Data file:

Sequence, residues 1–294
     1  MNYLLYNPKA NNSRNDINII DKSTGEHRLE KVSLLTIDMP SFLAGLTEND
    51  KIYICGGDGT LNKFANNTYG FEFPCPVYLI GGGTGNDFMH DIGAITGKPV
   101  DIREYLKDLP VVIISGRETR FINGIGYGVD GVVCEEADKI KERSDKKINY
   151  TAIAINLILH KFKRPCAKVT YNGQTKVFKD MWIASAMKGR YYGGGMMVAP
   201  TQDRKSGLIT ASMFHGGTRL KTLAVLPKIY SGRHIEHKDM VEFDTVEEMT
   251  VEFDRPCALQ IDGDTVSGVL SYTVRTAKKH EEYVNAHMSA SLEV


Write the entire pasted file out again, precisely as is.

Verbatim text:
Sequence, residues 1–294
     1  MNYLLYNPKA NNSRNDINII DKSTGEHRLE KVSLLTIDMP SFLAGLTEND
    51  KIYICGGDGT LNKFANNTYG FEFPCPVYLI GGGTGNDFMH DIGAITGKPV
   101  DIREYLKDLP VVIISGRETR FINGIGYGVD GVVCEEADKI KERSDKKINY
   151  TAIAINLILH KFKRPCAKVT YNGQTKVFKD MWIASAMKGR YYGGGMMVAP
   201  TQDRKSGLIT ASMFHGGTRL KTLAVLPKIY SGRHIEHKDM VEFDTVEEMT
   251  VEFDRPCALQ IDGDTVSGVL SYTVRTAKKH EEYVNAHMSA SLEV